Larry is the only band member on the cover of U2’s new album, and his tatoo is prominently featured. A rendering of his tatoo is on the cd and the record. The Larry Mullen Band indeed! Actually, it is Larry and his son Aaron Elvis (who now just goes by Elvis which is so fantastic!) are on the cover of U2’s Songs of Innocence. Bono calls this the most personal record U2 has ever made, and I have to agree. Songs about Bono’s mom (“Iris”), where he grew up (“Cedarwood Road”) and their first concert (“The Miracle of Joey Ramone”).
For such a personal record, U2 released it in the most public way. Songs of Innocence was the biggest album release in history, going out to one half billion (that’s billion, not million) people for free on iTunes on 9.9.14. This caused quite the controversy. People were very ungrateful saying they didn’t want a free cd automatically in their playlist (even though it was on the cloud not taking up space). U2 fans were thankful for the completely unexpected gift a month before the physical release. Yesterday Songs of Innocence was released on cd, a deluxe double cd and a double white-vinyl LP, the latter two with additional songs and a 24-page booklet.
I was instantly and thoroughly impressed with Songs of Innocence the very first time I listened to it, and that doesn’t happy often. I usually have to listed to an album a few times before I fall in love with it. At first listen, “Cedarwood Road” immediately struck me with that driving, hard guitar. Now, after about 100 plus listens, “Song for Someone” is my absolutely favorite – and I don’t see that changing. The lyrics are just simply beautiful “If there is a light, You can’t always see. And there is a world, We can’t always be. If there is a dark, That we shouldn’t doubt. And there is a light, Don’t let it go out.” That’s my new favorite line “there is a light, don’t let it go out.” Oddly enough though, I am not a fan of the acoustic version of “Song for Someone” on the deluxe double cd. It’s just not the same without Edge’s beautiful voice, not the same passionate feel which is what makes the song for me. Conversely, I absolutely love the acoustic version of “Every Breaking Wave,” but I am not a huge fan of the original version on the album.
Other favorites of mine off of Songs of Innocence are “Iris” just because it’s so damn personal about Bono’s mother, “Raised by Wolves” because I love the chorus when Bono belts out “RAISED by wolves!,” “Sleep Like a Baby Tonight” because it’s just so ethereal, “The Miracle (of Joey Ramone)” because it was the first song I heard, “Crystal Ballroom” because it reminds me of Pop, and the alternate version of “The Troubles” because I swear I can hear Larry singing the chorus with Edge.
Some random thoughts after finally playing the physical version of Songs of Innocence, both the deluxe double cd and double vinyl LP. When playing side 4 of the record (yes I have a record player and most of U2’s albums on vinyl), change the speed to 45 rpm to listen to “The Crystal Ballroom 12″ Mix.” Otherwise you will be freaked out by Bono’s creepy, low, slow voice. Make sure to listen to the very end of disc 2 because after the alternate version of “Sleep Like a Baby Tonight,” U2 included “Invisible,” but did not put it on the track list – because it’s Invisible. haha get it? I would have included “Invisible” as one of my favorites off this album, but I don’t consider it a true part of this album. To me it is that one off single from the Super Bowl. I do love it though – “There is no them, only us.” If everyone truly believed that, the world would be a better place. In the liner notes, U2 dedicated Songs of Innocence to their former manager – “This album is dedicated to Paul McGuinness who was, and always will be, there for us.” And the liner notes close with “”We can spend our whole lives searching for cohesion, and in not finding it, turn the world into the shape of our own disappointment. Or not. There is no end to grief … that’s how I know there is no end to love.” On a less profound note, or maybe more so depending on your vantage point, why is there a space in the middle of “Son gs” on the cds? Is it a reference to Larry’s son Elvis, like Boy? Is the “gs” significant or just leftover from the “Son?”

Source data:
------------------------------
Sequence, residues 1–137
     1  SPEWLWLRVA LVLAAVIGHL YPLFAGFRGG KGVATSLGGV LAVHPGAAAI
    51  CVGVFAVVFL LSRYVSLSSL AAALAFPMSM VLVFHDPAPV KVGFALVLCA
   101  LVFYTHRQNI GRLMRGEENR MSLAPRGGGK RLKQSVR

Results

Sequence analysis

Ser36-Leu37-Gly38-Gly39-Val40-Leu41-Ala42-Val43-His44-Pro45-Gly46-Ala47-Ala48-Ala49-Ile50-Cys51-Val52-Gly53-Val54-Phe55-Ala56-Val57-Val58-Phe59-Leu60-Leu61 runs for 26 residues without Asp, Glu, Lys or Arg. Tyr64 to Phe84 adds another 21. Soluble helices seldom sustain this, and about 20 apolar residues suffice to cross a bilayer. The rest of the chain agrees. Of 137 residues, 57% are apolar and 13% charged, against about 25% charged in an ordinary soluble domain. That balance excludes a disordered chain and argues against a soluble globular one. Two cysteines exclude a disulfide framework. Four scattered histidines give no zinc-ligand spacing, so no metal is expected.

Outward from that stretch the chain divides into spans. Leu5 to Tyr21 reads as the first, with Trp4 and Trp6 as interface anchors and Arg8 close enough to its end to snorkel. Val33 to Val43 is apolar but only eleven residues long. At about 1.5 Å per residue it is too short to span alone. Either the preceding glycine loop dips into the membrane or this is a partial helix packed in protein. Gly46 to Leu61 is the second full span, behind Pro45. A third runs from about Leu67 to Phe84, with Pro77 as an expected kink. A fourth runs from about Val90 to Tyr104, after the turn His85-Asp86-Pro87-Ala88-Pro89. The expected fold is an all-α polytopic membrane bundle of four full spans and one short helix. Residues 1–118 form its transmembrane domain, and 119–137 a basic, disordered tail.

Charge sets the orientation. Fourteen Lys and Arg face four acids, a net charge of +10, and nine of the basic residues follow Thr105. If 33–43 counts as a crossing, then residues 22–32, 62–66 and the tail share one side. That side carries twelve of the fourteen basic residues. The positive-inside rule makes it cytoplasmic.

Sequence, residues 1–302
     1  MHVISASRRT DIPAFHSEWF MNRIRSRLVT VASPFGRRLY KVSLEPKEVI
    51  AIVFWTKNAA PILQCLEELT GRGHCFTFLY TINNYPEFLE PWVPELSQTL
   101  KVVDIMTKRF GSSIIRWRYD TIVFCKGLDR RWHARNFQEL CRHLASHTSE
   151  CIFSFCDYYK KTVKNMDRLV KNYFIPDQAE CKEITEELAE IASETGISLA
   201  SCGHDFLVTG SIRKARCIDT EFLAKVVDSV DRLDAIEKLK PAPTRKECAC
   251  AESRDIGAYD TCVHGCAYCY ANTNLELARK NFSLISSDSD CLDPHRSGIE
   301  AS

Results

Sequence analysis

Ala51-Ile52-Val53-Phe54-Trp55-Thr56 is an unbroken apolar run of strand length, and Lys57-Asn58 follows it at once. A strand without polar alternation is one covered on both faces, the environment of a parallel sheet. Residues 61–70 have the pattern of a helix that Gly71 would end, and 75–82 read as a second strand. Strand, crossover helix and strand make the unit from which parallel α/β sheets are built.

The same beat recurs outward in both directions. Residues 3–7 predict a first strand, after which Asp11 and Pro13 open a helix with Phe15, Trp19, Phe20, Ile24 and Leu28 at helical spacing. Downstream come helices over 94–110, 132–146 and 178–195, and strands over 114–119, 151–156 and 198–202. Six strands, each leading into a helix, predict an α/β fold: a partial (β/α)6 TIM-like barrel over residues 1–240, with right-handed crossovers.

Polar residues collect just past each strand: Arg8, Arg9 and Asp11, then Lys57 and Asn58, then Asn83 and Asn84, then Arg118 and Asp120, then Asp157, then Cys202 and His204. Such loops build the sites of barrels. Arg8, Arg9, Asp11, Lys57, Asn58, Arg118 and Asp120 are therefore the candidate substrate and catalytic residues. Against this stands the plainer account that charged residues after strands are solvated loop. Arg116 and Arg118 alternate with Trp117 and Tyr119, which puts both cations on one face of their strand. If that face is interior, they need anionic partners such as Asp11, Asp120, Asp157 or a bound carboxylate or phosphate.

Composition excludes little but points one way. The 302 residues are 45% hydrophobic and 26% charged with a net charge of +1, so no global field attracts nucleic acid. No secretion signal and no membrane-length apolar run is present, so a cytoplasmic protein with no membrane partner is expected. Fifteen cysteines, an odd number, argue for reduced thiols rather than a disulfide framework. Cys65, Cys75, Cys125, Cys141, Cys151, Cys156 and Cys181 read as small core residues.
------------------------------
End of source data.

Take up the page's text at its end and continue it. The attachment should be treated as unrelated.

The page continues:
Since I opened with Larry, I will close with Larry (as I usually do) and leave you with how Larry feels about Songs of Innocence. In his interview on KROQ, Bono said Larry is very pleased with the new album, and there are some great grooves on it. Bono said, “As long as the drums sound like the end of the world, Larry is happy. Have you ever heard the expression ‘Happy as Larry’?” Yeah, that’s my new tour tee shirt.
Here are some reviews of Songs Of Innocence when it was first released on iTunes over a month ago: